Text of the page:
Let’s work together to fix our healthcare system, not sabotage it

July 30, 2019

Over the past few months, I’ve spoken with Delawareans at town hall events up and down our state, and whether I’m in Georgetown, Delaware City or Newark, I hear the same thing time and time again: Put politics aside, work together, and get things done. 

To every Delawarean who feels that way: I hear you, loud and clear, and I couldn’t agree more, because if we do work together, we can actually make changes that will benefit all American families. That’s particularly true when it comes to improving our healthcare system. 

I wasn’t in the Senate when the Affordable Care Act was passed, and I know it’s not perfect, but I firmly believe that instead of scrapping the progress we’ve made to strengthen the quality of health insurance and give more people access to coverage, we should work together to keep improving it.

Scrapping the Affordable Care Act entirely would return us to the days when Delawareans could be denied coverage due to a preexisting condition like cancer, asthma, diabetes or multiple sclerosis. In fact, over 389,000 Delawareans under the age of 65 are currently living with a preexisting condition. It would also mean that millions more Americans could be faced with financial ruin when a loved one gets sick. 

Unfortunately, though, the administration is trying to do just that. The administration is arguing in a lawsuit, Texas v. United States, that the Affordable Care Act should be struck down, despite the fact that they have no viable plan to replace it.

We can’t allow political differences to get in the way of Americans’ health care. If we repeal the Affordable Care Act without a plan to replace it, many American families would be impacted.

Those impacts would only get worse until Democrats and Republicans could agree on an entirely new plan for our healthcare system. Recent history has shown us that is an exceptionally difficult task, and realistically, could take us years to accomplish. 

So, let’s instead work together to fix our healthcare system, not sabotage it. We can build upon the Affordable Care Act to continue to expand coverage and bring down costs, and there are ways we can do that right now.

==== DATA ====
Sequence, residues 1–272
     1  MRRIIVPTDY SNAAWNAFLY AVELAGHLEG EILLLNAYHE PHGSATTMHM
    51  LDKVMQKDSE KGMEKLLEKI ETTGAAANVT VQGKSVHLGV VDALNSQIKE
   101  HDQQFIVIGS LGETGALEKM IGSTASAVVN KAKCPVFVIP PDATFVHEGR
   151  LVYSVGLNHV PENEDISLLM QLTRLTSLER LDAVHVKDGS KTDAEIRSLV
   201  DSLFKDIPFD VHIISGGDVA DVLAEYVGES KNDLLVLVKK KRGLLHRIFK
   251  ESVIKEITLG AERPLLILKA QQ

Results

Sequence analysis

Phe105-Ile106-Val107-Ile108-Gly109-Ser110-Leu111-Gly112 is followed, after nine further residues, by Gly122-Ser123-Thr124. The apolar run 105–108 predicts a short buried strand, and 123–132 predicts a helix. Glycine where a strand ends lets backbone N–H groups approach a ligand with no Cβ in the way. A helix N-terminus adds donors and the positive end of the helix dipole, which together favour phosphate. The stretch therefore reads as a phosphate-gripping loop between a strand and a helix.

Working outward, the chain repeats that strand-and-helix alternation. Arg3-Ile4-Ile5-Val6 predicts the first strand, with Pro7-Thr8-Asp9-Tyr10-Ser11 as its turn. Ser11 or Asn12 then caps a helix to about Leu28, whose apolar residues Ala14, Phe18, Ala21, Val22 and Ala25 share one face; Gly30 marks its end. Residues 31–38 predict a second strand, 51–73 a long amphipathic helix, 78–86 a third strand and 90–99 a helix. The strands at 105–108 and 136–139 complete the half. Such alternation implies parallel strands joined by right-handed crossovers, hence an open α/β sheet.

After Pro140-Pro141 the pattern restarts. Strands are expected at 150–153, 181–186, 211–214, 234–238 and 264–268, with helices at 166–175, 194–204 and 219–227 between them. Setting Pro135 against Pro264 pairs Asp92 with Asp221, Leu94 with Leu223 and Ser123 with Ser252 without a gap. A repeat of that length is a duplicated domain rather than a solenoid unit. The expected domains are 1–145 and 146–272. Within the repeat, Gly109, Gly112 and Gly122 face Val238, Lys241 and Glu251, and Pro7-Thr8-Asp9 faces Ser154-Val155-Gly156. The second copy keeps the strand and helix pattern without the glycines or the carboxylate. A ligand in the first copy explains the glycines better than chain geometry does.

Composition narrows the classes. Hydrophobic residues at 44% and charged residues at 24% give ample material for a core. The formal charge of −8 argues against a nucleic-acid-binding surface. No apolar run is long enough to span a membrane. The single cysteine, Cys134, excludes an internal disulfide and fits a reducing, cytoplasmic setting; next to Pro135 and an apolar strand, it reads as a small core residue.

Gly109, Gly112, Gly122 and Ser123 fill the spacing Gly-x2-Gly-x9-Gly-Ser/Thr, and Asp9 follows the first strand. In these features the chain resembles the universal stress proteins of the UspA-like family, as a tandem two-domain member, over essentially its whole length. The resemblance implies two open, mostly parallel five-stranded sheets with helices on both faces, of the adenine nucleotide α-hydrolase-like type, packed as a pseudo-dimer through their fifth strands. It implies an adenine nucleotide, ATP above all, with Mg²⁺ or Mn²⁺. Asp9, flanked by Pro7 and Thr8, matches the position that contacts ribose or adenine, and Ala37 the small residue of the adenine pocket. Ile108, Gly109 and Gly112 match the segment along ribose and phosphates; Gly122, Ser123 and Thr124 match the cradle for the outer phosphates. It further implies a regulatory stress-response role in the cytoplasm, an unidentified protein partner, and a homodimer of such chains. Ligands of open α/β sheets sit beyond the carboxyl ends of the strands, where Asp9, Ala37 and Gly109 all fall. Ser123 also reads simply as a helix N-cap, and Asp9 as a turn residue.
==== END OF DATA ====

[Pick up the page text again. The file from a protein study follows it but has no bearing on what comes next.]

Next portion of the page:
First, we need to bring more certainty to the marketplace and provide relief to families whose premiums are increasing every year. 

Second, we need to address the high cost of prescription drugs. I’ve supported several proposals this year that would allow Medicare to negotiate drug prices, hold manufacturers accountable when they abruptly increase the cost of drugs, cap out-of-pocket spending for Medicare seniors, and increase transparency for rebates negotiated between pharmacy benefit managers and pharmaceutical companies.  

Third, we need to invest in medical research. When the president sought to slash funding to critical organizations like the National Institutes of Health, Republicans and Democrats in Congress worked together to secure increases for NIH-funded research programs. Last year, Congress increased the NIH’s budget by $2 billion and this year, if we put politics aside and work together, I know we can do it again.

Finally, we need to take an all-hands-on-deck, national approach to address our country’s opioid abuse epidemic.

In 2017, nearly 350 people died from overdoses in our state, up 12 percent from the previous year. August 2018 was the deadliest month on record for drug-related overdoses, claiming 39 Delawareans in just 31 days. Republicans and Democrats have made progress - we passed a funding bill last year that included $3.7 billion to help states like Delaware fight the opioid epidemic - but there’s more that needs to be done.

I hope you’ll join me in calling on all members of Congress to put politics aside, work together, and get things done. I know that can sometimes seem impossible, but if there’s anyone up to leading the charge, it’s Delaware. Here, we know that working across the aisle isn’t just a nice thing to do – it’s the only thing to do. It’s the Delaware way.

Sen. Chris Coons is one of Delaware’s two U.S. senators.


  • Cape Gazette commentaries are written by readers whose occupations, education, community positions or demonstrated focus in particular areas offer an opportunity to expand our readership's understanding or awareness of issues of interest.

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